Upcoming #LCSM Chat, Thursday, March 27 at 5 pm PT, 8 pm ET: Should All Targeted Rx Lung Cancer Trials be Biomarker-Selective?

ASCO, the American Society for Clinical Oncology, is promoting a new principle that targeted therapies should be used only in targeted patients, as part of a general trend that we need to move away from trials that test new non-chemotherapy agents in a broad population. Meanwhile, we’ve just recently seen a few high profile negative trials in the last few weeks, such as the large phase III METLung trial of “METMAb” or onartuzumab, the monoclonal antibody against the target MET (mesenchymal epithelial transition), combined with Tarceva (erlotinib), and also the MAGE-A3 vaccine in the MAGRIT trial done as adjuvant treatment for resected non-small cell lung cancer.

Increasingly, our negative trials are followed by subset analyses that identify a potential subgroup that may be significant beneficiaries, often offset by larger groups that don’t benefit or are even harmed. As an example, the MAGRIT trial was just reported as negative in the broad population, but the study is still looking at an investigational gene signature that may predict for significant benefit vs. non-benefit with the MAGE-A3 vaccine.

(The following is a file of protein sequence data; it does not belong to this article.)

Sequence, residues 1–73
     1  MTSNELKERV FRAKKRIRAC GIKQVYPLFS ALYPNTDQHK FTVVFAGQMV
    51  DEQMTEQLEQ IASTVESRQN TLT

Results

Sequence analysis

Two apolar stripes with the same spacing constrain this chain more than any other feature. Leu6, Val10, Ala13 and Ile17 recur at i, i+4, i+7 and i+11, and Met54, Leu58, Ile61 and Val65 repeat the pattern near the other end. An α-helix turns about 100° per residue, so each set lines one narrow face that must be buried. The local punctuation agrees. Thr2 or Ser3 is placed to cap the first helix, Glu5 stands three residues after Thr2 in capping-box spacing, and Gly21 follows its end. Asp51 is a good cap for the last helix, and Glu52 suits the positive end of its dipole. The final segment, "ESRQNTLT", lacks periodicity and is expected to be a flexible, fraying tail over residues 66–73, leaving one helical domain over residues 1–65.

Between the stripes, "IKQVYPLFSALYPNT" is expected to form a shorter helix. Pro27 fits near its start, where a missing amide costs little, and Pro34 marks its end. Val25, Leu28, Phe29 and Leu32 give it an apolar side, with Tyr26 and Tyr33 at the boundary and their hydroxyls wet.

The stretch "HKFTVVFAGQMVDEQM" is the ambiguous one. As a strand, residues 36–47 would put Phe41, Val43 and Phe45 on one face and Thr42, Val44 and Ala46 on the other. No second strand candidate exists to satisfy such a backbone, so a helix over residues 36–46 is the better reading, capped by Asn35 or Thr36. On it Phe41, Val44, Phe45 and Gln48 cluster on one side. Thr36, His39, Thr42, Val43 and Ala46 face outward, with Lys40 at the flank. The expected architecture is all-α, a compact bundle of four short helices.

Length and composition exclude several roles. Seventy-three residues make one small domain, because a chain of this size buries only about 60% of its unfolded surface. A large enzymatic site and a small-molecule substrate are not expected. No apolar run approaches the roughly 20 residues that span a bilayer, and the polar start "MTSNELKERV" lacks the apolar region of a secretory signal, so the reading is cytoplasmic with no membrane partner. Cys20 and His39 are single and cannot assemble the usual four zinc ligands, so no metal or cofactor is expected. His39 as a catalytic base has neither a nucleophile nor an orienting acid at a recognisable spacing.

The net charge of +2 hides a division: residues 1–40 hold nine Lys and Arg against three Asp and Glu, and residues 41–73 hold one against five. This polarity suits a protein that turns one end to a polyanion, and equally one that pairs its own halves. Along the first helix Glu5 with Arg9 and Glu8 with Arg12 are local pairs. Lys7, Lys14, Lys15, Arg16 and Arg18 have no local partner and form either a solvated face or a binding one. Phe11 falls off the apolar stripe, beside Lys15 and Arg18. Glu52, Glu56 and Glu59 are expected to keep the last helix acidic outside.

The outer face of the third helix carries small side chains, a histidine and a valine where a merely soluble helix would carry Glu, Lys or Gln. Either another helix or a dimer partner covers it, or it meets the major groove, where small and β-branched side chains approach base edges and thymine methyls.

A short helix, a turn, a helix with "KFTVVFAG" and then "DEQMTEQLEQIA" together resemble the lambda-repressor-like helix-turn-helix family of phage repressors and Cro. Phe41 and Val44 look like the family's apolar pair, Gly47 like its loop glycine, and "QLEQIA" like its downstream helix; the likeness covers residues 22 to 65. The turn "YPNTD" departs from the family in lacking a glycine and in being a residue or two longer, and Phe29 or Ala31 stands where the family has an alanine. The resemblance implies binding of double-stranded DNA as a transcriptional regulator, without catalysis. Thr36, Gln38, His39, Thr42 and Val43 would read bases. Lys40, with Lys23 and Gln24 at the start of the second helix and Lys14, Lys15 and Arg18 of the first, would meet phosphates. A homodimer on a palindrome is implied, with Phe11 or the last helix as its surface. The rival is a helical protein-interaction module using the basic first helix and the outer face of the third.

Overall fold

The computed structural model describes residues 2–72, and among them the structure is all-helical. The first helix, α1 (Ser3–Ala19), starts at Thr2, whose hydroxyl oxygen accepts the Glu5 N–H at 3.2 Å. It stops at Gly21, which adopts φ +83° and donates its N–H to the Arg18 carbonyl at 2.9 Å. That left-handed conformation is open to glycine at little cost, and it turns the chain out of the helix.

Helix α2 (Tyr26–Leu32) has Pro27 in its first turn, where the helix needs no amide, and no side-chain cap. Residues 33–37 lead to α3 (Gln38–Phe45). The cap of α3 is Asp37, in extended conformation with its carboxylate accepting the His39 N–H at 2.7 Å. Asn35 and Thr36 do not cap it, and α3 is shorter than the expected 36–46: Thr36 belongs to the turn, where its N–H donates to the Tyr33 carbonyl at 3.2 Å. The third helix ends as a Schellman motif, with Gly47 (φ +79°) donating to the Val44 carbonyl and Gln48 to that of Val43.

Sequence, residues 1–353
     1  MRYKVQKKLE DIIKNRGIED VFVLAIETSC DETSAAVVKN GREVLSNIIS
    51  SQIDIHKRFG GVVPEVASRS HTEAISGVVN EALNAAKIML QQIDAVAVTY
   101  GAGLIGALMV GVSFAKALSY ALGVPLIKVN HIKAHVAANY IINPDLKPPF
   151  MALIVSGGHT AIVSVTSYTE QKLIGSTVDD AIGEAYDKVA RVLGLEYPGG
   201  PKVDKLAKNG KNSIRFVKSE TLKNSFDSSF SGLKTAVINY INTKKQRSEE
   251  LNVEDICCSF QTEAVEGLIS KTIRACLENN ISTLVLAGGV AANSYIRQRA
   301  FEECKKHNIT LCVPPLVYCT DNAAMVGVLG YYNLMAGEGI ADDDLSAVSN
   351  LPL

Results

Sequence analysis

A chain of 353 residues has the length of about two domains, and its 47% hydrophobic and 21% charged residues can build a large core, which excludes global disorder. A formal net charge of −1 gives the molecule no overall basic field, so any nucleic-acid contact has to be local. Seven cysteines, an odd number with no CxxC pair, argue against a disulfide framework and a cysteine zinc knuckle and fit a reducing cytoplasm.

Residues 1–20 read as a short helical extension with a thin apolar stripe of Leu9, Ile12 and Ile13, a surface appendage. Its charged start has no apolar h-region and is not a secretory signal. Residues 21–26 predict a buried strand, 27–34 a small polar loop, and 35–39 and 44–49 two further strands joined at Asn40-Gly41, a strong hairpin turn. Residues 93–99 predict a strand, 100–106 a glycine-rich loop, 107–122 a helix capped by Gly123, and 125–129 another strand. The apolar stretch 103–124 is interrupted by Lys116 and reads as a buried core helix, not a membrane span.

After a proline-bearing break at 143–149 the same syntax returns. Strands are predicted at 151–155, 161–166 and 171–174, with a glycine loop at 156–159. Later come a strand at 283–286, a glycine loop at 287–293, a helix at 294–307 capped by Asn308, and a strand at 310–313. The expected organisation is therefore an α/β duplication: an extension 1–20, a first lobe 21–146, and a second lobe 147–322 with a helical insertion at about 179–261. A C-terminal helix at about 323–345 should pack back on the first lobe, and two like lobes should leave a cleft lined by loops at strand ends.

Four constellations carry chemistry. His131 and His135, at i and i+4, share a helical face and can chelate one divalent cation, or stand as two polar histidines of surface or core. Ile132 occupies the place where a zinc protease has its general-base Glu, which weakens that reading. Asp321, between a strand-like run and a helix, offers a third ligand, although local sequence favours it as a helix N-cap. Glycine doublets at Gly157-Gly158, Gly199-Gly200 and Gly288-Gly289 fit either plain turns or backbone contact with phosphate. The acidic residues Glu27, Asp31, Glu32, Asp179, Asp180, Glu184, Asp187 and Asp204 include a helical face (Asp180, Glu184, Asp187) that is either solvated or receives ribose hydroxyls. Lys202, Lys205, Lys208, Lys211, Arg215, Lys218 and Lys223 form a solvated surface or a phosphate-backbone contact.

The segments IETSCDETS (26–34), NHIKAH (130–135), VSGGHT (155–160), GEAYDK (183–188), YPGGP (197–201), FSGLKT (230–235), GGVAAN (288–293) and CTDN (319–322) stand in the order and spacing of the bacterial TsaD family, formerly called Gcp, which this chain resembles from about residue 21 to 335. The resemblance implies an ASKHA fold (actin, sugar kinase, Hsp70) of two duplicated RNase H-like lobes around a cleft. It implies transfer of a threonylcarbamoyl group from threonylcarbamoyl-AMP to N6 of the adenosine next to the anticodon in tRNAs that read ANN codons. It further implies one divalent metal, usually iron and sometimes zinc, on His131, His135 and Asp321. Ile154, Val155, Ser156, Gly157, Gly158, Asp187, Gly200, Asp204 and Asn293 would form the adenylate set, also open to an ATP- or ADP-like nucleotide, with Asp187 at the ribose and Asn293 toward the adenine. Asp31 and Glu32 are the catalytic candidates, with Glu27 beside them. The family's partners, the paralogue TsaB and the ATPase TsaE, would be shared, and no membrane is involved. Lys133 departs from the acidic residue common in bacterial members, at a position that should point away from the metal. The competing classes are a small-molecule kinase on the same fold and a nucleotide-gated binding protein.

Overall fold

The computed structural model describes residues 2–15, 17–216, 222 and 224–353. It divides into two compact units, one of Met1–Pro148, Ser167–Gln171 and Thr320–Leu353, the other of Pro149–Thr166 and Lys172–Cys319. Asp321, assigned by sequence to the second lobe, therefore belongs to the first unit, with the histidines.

If our large randomized trials, requiring hundreds to thousands of patients and costing millions of dollars and years to conduct, are extremely likely to return as negative and require a more refined population with a prospectively defined target, how should we conduct trials of targeted therapies in lung cancer?  With that in mind, these are the questions we’ll tackle in our upcoming #LCSM chat on Thursday, March 27th, at 8 PM ET, 5 PM PT:

1) Do we need to identify a target before committing people, money, & time to large lung cancer trials? Should we abandon targeted therapy trials in broad populations?

2) Is tissue for testing and molecular testing widely available enough today to limit targeted therapy trials, or will too many potential patients miss out? Will this be a hurdle to access?

3) Will those without any “targetable markers” be left without trial options? Will we exclude too many “molecular marker orphans”?

We need insights from people running trials, who would enroll patients on trials, and those seeking trial options.  We hope you’ll join us for a lively tweet chat, moderated by Dr. H. Jack West, Thursday evening.

Just check out http://www.tchat.io/rooms/lcsm at the appointed hour, or use the twitter client of your choice and follow the hashtag #LCSM. Hope to see you then!

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